A friend invited me along to see the work that enthusiastic volunteers from the Worcester, Birmingham and Droitwich Canals Society, working with the Canal and River Trust, are doing to make secure and conserve the structure of the canalside lime kilns at Tardebigge, Worcestershire.
Tardebigge is known in the waterways world for having the longest flight of (30) locks in the UK, rising 220 feet.
Lime is key to iron smelting processes, and it is a fertiliser. However, the importance of kilns such as these to the shaping of both the rural and industrial landscapes through the production of lime is something I’d certainly never known or considered.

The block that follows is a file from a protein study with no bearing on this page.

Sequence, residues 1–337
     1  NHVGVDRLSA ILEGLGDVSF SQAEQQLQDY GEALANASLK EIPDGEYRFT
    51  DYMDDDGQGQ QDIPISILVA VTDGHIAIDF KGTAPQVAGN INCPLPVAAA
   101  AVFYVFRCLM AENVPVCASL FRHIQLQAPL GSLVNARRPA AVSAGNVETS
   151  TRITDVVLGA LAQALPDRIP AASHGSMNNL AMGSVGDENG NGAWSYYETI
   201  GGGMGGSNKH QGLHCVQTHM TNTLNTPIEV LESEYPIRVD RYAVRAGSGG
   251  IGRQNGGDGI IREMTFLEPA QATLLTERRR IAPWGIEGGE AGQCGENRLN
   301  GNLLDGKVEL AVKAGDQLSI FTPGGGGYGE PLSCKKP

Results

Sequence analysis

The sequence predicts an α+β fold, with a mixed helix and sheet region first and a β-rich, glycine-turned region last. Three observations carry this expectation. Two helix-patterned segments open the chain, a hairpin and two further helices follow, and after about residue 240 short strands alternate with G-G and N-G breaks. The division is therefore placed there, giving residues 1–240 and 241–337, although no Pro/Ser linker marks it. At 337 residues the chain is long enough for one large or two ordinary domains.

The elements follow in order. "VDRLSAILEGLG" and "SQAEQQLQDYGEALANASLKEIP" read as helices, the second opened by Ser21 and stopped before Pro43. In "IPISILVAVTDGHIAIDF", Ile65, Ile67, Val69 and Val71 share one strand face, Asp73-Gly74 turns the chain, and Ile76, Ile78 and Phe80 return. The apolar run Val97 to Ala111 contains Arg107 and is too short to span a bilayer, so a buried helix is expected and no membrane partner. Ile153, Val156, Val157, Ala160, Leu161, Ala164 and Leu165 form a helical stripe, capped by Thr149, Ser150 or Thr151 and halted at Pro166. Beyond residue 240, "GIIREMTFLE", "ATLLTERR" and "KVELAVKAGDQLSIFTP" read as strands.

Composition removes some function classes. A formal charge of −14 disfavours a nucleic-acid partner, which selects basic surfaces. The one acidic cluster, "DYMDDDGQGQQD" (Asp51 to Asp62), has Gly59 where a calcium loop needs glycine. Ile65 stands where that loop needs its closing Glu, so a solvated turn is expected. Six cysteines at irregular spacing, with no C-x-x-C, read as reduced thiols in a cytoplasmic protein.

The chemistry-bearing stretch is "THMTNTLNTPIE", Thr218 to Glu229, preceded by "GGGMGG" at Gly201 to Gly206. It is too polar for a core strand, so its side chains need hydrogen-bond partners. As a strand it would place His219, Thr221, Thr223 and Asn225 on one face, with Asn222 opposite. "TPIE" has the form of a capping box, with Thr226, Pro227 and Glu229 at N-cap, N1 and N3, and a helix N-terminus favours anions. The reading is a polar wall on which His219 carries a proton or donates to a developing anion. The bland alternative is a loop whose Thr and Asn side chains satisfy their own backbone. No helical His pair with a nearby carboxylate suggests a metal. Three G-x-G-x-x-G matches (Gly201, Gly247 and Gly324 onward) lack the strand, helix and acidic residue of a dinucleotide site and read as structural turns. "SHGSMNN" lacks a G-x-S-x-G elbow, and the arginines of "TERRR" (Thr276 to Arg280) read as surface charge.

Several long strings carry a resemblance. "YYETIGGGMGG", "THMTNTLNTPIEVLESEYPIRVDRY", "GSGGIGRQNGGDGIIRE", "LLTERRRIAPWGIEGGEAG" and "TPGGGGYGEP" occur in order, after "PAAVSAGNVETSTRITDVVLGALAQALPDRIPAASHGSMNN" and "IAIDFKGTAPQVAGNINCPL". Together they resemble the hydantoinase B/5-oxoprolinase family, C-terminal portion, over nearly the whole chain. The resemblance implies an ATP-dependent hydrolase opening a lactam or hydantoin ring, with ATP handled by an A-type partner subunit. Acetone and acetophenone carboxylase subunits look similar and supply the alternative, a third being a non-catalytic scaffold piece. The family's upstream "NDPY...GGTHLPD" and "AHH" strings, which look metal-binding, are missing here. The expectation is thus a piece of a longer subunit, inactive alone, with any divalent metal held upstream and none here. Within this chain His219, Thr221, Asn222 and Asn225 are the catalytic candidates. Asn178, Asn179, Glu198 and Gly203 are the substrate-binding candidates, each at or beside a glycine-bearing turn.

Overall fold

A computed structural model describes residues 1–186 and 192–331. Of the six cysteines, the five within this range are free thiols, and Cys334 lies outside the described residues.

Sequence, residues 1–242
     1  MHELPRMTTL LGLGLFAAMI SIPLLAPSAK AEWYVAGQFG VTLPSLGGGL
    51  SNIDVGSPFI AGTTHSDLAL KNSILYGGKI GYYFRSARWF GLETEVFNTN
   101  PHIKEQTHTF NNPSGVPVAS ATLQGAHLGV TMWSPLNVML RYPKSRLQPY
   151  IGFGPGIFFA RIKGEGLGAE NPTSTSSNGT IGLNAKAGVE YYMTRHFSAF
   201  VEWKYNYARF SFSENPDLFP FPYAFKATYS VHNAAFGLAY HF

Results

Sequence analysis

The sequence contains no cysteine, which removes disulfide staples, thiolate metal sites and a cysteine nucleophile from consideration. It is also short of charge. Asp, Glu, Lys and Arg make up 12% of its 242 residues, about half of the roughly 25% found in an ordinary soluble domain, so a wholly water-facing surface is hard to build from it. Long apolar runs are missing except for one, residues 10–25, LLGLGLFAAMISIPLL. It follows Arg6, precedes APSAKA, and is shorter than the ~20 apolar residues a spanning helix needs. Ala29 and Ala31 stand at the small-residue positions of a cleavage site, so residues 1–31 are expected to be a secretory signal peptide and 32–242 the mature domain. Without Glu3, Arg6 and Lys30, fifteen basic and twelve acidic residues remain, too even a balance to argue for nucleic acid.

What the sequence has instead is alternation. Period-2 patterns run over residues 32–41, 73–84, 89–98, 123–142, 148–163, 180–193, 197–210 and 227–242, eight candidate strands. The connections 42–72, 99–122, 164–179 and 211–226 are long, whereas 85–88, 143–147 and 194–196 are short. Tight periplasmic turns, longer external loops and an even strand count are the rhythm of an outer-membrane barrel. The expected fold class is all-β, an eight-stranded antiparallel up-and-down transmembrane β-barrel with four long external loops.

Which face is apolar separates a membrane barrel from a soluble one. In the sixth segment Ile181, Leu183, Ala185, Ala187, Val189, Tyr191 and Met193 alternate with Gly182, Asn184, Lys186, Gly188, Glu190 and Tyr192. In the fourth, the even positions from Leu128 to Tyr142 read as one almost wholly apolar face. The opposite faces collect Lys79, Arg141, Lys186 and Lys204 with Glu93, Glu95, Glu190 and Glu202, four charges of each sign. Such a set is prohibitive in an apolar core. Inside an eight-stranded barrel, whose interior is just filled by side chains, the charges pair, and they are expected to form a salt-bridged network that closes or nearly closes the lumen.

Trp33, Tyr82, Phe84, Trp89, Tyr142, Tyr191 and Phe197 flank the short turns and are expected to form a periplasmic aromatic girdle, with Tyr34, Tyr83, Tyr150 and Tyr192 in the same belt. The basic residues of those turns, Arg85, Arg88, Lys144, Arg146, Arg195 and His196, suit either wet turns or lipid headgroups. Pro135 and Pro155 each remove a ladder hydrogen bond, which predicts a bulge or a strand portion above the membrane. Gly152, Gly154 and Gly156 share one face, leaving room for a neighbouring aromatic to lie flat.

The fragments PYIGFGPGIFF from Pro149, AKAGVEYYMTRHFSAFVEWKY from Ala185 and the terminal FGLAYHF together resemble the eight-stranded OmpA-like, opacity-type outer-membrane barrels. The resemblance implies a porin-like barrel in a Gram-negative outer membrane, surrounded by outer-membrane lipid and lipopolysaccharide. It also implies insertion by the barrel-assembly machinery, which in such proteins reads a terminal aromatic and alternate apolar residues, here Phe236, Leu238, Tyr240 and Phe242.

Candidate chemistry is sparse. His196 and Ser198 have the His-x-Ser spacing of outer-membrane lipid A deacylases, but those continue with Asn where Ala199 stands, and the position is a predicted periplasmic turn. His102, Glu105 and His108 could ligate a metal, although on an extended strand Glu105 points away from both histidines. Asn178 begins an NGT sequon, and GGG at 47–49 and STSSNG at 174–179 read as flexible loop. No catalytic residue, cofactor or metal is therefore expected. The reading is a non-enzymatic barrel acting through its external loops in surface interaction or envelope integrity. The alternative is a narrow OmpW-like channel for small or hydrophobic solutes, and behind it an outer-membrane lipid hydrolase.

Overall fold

Either or both of these uses would link this little, hitherto much overgrown spot in the Worcestershire countryside to the Industrial Revolution and the shaping of modern agriculture.
That the site is seeing the light of day again at all is primarily down to the enthusiasm and energy of small groups of volunteers…
…who will give up time on a chilly Sunday to wrestle with tree roots, weeds, decades of dumped rubbish embedded in muddy clay…
… in order that we might find out a little more about, and connect with, our past.
Good on you!